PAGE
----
As more coronavirus (COVID-19) deaths are reported in Delaware, funeral directors are taking precautions to protect themselves as they prepare bodies for viewing and burial.
One precaution is wearing N95 masks as well as gowns and goggles to protect eyes, noses and mouths, said Doug Melson, funeral director at Melson Funeral Services in Ocean View.
N95 masks protect from airborne particles and liquid that could contaminate one’s face, with the name referring to their ability to block at least 95 percent of very small particles, according to the Food and Drug Administration website.
An N95 respirator fits closely against the face and filters airborne particles. Edges of the respirator are designed to form a seal around the nose and mouth. The respirators are used in healthcare settings.
Stacey Hofmann of the Delaware Department of Health and Social Services’ Joint Information Center, replying by e-mail to questions posed by Coastal Point, said the Division of Forensic Science has provided guidance to funeral directors and there is also guidance from the Centers for Disease Control.
“Nobody should consider touching the body of someone who has died of COVID-19,” she stated.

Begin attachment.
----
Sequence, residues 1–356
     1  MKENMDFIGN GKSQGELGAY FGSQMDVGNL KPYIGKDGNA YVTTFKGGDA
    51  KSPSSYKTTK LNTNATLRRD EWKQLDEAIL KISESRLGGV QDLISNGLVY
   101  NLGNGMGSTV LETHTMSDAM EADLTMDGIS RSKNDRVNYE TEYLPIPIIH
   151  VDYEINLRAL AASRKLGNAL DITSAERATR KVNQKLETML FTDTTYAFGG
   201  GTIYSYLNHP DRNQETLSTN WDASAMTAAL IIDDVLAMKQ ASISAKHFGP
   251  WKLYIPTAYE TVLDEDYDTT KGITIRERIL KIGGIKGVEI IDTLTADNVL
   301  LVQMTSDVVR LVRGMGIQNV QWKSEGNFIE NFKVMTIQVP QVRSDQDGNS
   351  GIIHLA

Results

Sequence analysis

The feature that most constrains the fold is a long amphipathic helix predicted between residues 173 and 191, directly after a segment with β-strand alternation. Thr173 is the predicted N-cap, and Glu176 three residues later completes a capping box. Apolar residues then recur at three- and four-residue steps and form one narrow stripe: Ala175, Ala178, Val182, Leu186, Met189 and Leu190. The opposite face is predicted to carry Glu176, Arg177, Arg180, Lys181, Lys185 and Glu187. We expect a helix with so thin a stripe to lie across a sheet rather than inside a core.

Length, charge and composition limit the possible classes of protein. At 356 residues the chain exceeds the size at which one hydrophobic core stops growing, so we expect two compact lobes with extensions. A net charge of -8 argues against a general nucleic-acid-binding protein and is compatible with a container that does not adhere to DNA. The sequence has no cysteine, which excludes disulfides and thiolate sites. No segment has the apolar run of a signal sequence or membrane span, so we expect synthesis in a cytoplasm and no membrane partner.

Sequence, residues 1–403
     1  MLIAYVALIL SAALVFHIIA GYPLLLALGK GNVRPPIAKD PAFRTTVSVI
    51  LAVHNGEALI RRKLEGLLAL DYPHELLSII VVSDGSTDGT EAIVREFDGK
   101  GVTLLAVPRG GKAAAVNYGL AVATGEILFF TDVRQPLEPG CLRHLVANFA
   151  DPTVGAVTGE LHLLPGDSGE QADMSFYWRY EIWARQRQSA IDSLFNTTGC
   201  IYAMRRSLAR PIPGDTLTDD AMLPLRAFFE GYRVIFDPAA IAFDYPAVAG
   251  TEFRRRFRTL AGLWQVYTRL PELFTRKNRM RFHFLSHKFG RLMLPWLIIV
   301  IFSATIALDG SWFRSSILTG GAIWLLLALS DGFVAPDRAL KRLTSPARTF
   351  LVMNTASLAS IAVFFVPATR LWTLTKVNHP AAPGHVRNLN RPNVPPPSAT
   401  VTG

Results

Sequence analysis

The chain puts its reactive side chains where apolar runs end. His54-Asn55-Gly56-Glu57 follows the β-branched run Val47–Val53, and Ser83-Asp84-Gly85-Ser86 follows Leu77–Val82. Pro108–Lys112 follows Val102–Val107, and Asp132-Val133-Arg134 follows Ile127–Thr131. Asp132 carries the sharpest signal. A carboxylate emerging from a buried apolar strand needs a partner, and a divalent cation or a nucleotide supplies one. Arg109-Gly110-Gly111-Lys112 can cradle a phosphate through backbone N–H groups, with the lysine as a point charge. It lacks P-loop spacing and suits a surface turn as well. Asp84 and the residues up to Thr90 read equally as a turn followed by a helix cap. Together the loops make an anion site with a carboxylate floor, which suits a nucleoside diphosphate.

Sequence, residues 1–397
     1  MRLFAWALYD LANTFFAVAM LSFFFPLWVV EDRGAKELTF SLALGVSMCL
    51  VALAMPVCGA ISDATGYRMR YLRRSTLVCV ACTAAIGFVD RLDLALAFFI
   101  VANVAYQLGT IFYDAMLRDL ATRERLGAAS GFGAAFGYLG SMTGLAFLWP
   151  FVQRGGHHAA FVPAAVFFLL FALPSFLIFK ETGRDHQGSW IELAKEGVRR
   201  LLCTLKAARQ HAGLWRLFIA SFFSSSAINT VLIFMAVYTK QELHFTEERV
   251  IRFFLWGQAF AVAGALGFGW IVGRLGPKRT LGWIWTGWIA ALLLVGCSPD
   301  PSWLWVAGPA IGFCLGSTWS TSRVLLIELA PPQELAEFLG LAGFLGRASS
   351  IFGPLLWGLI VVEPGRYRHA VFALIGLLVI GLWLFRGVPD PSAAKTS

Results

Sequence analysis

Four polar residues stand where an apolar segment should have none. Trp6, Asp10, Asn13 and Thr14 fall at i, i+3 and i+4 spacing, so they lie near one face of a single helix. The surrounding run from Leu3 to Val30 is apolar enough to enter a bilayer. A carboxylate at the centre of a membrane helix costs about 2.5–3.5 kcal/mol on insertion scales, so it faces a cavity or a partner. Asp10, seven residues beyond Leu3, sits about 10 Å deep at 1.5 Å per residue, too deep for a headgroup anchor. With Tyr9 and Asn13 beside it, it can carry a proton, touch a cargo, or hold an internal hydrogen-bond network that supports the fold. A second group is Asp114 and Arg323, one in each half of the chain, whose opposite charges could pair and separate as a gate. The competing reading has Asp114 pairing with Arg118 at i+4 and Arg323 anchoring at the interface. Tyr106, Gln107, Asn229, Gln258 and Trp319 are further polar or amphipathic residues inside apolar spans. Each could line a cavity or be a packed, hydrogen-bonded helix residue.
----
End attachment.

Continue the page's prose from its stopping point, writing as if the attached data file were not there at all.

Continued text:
“Older people and people of all ages with severe underlying health conditions are at higher risk of developing serious COVID-19 illness. There may be less of a chance of the virus spreading from certain types of touching, such as holding the hand or hugging after the body has been prepared for viewing.
“Other activities, such as kissing, washing and shrouding should be avoided before, during, and after the body has been prepared, if possible.
“If washing the body or shrouding are important religious or cultural practices, families are encouraged to work with their community cultural and religious leaders and funeral home staff on how to reduce their exposure as much as possible.
“At a minimum, people conducting these activities should wear disposable gloves. If splashing of fluids is expected, additional personal protective equipment may be required, such as disposable gown, face shield or goggles and face mask,” she said.
Also, because of restrictions necessary to slow the spread of the coronavirus, Melson said only 10 people can gather for viewing and a funeral service. Groups of 10 can’t wait outdoors and trade places with each other, because of the possibility of spreading the virus, he said.
Melson said it isn’t recommended to delay a funeral and hold the body of the deceased until all family and friends can gather.
“There is no guarantee what the individual will look like if the body is held. By summer we hope to be back to allowing more people to gather,” he said.
If there were a sudden surge of funerals, Sussex County funeral directors would join forces to accommodate all of the families, Melson said.
“We’d all have to work together. We are hoping and praying it doesn’t come to that. Hopefully we will be spared,” he said.